This diagram image, and its keenness to interpret and explain, seems to reflect a key aspect of the hydro plan — i.e. that it should serve as a pleasantly-designed educative exhibit, as well as a working power generator. None of this seems to me inherently objectionable in a conservation area or World Heritage Site, especially given that the return to “water power” signalled by the hydro installation also symbolises a cyclical return to the site’s own history. The weir is here in the first place because it once served a water mill – Dixons Mill – that stood on the southern bank before Salts.
In point of fact, even the protest lobby against the scheme seems to be aware that the hydro installation might add to the amenity and visitor value of the park. How else to explain the last point on the placard below? (sited at the ‘picket’ point outside the July consultation)
That final point suggests that increased traffic congestion might result from the added ‘attraction’ value of the showpiece hydro installation. And yet at the same time, there’s the assumption that it will be a burden (“Saltaire bears the brunt”) and an eyesore (obscuring views). The argument is somewhat self-contradictory, and perhaps somebody pointed this out to the ‘No’ campaign: it’s telling that the “traffic” objection is nowhere apparent in the September “Reasons to be Doubtful” document.
I have to say that I’m not convinced, either, about the suggestion that ‘iconic’ views will be spoiled by the installation: if you go down and look a the proposed site at present, the views from it are already partially obscured by self-seeding riverside foliage growing out the banking. Purely in aesthetic terms, the designs for the installation would appear to be an improvement, visually. The “Reasons to be Doubtful” document does mention that pulling out trees (presumably these ones) is an environmental no-no. Yet a much more substantial swathe of riverside greenery was pulled up during the Lottery-funded improvements to the park only a few years ago – precisely in order to clear the views from the cricket pitch to the bridge, Boathouse and Salts Mill…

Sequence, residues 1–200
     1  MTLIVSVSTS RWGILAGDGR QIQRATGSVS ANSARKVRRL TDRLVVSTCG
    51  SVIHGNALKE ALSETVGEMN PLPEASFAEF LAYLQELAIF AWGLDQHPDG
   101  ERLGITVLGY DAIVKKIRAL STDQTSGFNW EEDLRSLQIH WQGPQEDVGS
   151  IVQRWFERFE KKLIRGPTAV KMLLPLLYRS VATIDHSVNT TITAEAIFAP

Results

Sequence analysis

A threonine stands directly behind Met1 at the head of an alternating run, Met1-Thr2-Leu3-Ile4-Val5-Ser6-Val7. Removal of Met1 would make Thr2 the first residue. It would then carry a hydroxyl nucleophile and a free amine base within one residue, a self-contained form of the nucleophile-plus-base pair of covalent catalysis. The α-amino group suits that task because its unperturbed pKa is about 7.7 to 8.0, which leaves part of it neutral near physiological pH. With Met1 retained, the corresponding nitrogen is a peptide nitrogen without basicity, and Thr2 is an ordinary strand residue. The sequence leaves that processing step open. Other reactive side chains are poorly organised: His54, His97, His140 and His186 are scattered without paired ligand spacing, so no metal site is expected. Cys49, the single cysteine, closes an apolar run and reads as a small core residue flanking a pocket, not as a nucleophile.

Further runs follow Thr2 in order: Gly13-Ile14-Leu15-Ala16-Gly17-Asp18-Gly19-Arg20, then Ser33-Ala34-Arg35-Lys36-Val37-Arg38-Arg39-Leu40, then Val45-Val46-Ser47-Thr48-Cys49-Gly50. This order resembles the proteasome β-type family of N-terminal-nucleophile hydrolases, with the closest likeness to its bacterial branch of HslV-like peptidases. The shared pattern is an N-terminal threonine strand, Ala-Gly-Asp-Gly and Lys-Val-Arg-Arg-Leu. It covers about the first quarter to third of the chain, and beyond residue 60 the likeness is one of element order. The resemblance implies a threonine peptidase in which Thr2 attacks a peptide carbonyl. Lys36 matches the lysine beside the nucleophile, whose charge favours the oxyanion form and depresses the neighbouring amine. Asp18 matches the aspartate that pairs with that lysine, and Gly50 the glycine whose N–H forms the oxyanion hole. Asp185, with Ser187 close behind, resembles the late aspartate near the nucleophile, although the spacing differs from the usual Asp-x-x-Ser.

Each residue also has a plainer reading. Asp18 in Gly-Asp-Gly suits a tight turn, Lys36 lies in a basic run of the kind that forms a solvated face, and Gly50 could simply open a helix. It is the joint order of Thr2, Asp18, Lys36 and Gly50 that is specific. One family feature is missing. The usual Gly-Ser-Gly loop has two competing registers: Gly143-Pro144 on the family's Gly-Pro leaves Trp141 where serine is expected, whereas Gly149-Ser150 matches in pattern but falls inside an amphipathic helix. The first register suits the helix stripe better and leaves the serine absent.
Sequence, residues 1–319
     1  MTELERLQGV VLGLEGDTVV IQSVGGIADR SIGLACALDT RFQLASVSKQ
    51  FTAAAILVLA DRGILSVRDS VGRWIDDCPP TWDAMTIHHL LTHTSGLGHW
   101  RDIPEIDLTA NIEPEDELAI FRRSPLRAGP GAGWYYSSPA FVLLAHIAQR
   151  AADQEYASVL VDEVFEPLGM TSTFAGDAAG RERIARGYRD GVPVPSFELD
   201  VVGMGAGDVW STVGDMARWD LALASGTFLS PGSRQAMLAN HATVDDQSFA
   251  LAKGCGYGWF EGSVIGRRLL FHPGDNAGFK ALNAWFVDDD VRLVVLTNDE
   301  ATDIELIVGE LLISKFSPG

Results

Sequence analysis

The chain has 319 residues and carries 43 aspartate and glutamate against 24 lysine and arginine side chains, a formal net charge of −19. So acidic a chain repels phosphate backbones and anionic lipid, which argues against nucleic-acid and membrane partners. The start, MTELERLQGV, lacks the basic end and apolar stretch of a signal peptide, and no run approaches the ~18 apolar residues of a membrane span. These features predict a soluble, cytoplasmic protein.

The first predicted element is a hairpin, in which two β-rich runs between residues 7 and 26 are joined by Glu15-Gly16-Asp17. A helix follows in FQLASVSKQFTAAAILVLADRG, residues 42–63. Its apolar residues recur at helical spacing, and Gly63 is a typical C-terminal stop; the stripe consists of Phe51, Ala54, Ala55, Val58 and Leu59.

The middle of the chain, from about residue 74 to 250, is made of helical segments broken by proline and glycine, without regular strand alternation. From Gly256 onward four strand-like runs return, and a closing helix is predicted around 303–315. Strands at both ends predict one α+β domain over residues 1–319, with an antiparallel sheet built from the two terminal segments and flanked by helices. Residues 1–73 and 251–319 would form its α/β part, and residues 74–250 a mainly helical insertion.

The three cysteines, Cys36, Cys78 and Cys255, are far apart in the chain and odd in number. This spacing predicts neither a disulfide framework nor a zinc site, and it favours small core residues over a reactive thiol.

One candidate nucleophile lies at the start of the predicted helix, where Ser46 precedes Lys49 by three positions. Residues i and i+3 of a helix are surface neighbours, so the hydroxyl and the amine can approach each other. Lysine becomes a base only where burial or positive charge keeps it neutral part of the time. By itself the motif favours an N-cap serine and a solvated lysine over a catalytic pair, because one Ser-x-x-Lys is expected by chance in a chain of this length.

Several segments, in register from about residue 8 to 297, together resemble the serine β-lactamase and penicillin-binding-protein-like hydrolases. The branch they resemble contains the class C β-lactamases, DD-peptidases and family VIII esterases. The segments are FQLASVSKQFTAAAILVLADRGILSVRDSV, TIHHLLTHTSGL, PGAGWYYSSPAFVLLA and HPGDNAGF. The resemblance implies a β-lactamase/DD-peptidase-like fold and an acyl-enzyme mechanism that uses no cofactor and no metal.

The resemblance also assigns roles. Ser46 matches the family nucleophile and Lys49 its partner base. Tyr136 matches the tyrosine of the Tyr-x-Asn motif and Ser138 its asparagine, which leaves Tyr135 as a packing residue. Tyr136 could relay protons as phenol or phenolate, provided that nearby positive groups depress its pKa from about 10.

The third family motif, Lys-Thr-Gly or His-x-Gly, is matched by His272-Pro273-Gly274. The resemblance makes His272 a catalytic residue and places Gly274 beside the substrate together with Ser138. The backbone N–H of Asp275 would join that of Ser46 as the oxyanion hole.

But I’m digressing. Let’s return to the key argument. If one accepts the proposition (and plenty of people don’t!) that a hydro of this sort is a kind of showcase exhibit, with a symbolic and educative value beyond its purely practical, energy-producing function, then most of the objections in the “Reasons to be Doubtful” document fade away pretty quickly. “There is only a modest green gain.” Well yes, nobody ever said water could be harnessed to enormously powerful effect (there’s a reason we once switched to steam mills from water mills!). The point is not that this one hydro would generate huge amounts of energy, but that many similar, small-scale schemes up and down our river catchments (coupled with other schemes to create power from wind, waves, waste, etc.) might start to make a difference to our fossil-fuel dependency. “This scheme represents poor value for money.” Perhaps, but by the “Reasons…” document’s own reckoning, the additional cost in comparison with – say – the hydro at Hirst Mill being proposed by Sustainable Saltaire, is mostly caused by the need to make the installation appropriately presentable in a protected heritage context. Again, that price might well be worth paying for the public showcase value. And besides, Bradford Council’s figures, even at the conservative end, indicate that this hydro would pay for itself within a decade or so.